CD Review


The Early Folk Band - Robin Hood - Ballads Songs and Dances

Miriam Andersén, Gesine Bänfer, Susanne Ansorg, Ian Harrison, Steven Player

‘It is a tale of Robin Hood, Which I to you will tell, Which being rightly understood, I know will please you well.’

From a True Tale of Robin Hood, Martin Parker, 1632

Ian Harrison and Gesine Bänfer are very fine pipers – and who of those of us at the 2006 and 2007 Blowouts can forgot their fine piping – and as such need no further introduction, but you may not be aware that they are also very fine shawm, cornet and recorder players (try to hear them playing with their medieval and renaissance wind band, les Haulz et les Bas). I saw Ian in another guise in 2014 playing, singing and dancing in The Society of Strange and Ancient Instruments’ show about Will Kemp, Nine Daies Wonder. They are joined on this CD by Steven Player – a superb dancer who also appeared in Nine Daies Wonder, but here showing himself to be a fine singer and string player. Nine Daies Wonder illustrated the impact of taking a strong thematic concept as the basis for a show rather than following the routine of presenting a concert of less well connected tunes. That approach is successfully repeated on this CD for an exploration of the life and death of Robin Hood.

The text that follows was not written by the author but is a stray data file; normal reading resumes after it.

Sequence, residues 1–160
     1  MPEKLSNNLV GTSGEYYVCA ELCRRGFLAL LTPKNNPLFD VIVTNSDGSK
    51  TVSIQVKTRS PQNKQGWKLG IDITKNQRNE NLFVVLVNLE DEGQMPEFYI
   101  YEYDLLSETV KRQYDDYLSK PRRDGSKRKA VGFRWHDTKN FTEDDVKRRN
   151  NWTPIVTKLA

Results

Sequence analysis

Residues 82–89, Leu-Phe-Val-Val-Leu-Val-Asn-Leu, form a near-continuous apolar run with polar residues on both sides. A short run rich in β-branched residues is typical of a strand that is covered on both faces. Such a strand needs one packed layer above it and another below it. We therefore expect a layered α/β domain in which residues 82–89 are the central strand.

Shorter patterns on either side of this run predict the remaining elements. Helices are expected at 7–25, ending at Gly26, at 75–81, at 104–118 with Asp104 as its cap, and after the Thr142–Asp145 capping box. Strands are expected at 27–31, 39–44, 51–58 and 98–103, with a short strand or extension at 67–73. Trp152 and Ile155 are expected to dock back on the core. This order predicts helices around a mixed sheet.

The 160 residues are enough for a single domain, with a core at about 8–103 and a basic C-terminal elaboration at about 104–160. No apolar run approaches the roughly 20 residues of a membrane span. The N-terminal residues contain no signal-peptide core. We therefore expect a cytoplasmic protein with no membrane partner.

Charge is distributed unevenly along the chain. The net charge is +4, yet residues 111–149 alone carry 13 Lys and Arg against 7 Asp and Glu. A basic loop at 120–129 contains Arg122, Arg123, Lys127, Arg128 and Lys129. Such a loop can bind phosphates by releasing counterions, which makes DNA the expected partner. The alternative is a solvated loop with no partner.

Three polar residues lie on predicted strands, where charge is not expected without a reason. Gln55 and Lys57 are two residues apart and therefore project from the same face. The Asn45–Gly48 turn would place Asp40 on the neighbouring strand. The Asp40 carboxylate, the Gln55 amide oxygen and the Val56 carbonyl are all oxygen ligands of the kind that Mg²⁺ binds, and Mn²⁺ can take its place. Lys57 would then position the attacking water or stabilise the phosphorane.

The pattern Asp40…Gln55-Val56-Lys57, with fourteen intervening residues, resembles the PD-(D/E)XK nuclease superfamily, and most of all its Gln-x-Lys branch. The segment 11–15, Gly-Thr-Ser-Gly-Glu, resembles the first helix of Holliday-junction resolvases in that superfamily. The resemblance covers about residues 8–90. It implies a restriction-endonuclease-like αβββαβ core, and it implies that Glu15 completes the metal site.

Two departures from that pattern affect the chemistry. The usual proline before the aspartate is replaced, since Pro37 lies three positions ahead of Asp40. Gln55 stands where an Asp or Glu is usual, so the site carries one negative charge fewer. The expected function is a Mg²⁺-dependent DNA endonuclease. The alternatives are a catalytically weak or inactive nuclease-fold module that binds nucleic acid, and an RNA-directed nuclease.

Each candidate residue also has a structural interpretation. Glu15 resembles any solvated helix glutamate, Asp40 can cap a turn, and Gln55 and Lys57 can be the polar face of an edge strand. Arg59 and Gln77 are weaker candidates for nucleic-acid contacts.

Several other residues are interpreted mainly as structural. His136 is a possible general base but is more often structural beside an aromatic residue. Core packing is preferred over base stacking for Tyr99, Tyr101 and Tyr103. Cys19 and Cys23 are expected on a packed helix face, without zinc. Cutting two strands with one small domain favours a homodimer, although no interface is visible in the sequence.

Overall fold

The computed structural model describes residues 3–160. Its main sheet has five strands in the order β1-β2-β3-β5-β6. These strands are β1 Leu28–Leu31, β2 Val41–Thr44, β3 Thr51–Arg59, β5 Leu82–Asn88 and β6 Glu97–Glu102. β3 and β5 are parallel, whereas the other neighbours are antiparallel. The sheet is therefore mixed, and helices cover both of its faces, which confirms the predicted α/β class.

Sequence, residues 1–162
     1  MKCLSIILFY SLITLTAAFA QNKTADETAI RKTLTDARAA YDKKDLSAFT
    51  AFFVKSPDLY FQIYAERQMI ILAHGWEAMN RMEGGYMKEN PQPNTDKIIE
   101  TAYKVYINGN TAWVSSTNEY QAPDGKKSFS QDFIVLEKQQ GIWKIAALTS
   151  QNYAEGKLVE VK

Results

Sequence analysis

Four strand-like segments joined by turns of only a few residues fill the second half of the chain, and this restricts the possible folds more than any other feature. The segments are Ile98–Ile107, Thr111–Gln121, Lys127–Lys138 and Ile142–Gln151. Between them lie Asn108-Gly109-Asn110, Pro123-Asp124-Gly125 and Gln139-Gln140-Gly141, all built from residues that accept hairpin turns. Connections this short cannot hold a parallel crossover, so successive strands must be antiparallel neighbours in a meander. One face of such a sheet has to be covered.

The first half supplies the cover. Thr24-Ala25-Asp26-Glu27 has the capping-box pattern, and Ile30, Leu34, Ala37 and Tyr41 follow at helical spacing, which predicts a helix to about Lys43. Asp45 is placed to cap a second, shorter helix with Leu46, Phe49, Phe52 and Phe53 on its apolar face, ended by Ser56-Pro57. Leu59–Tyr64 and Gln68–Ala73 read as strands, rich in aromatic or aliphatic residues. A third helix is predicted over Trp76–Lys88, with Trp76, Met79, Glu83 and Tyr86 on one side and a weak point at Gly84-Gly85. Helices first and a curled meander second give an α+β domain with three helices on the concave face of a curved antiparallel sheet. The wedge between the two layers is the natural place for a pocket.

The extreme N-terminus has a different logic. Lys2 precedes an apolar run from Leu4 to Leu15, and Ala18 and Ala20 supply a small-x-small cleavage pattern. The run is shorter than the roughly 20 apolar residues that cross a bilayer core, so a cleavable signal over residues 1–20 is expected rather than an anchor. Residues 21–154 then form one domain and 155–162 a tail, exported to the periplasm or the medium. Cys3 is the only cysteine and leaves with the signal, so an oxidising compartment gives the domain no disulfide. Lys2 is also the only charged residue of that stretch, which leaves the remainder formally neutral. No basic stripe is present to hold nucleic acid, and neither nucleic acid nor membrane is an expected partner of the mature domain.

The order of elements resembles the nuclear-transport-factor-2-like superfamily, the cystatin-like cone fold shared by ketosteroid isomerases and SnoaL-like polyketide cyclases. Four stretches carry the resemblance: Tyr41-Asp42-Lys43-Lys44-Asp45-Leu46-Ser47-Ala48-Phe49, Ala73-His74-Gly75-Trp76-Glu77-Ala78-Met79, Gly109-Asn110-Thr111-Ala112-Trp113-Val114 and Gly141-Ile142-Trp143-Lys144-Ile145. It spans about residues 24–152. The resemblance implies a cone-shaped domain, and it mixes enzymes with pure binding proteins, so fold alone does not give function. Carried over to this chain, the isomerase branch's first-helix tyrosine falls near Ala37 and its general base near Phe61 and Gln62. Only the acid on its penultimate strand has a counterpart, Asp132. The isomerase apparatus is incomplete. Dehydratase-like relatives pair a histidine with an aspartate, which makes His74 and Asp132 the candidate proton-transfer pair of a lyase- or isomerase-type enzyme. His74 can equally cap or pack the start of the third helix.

The CD insert tells us that Robin Hood was born in song. Accounts of his feats appear in printed broadside ballads from the 16th century onwards and have ensured that his name remains known across the world today. Yet listening to these songs, many were new to me.

Ian and Gesine’s stylish piping is heard on 6 tracks, but this is not a CD only of piping; the sound scape is varied, stylish and engaging. Tunes, songs and stories abound as the tale of Robin Hood unfolds. The way in which the tracks move forward on the CD and some of the theatrical presentation suggests to me that this is a performance of a story rather than the performance of isolated tracks. Dance tunes come from such as Henry Playford, Lawrence Leadley, William Dixon and the Adderbury Morris tradition; songs often combine earlier text with other – many later - collected tunes, all to good effect. My favourite tracks are the haunting song, Robin Hood and Allin a Dale, Ian’s precise and flamboyant playing of Mary Scott, the Flower of Yarrow and Jenny Dang the Weaver and the fine cornet playing by Ian on Robin Hood and Little John.

A good indicator for the quality of a CD is how often you want to replay it. My copy seems to have been on a loop in our kitchen for a few days and I can’t say there is a poor track. These are all fine musicians who also come over as great storytellers. This material would make a fine show in the manner of Nine Daies Wonder. They are certainly worth seeing live and if you can’t manage that – or want a reminder of how much you enjoyed their musicianship – then this CD makes a very fine substitute. I highly recommend it.


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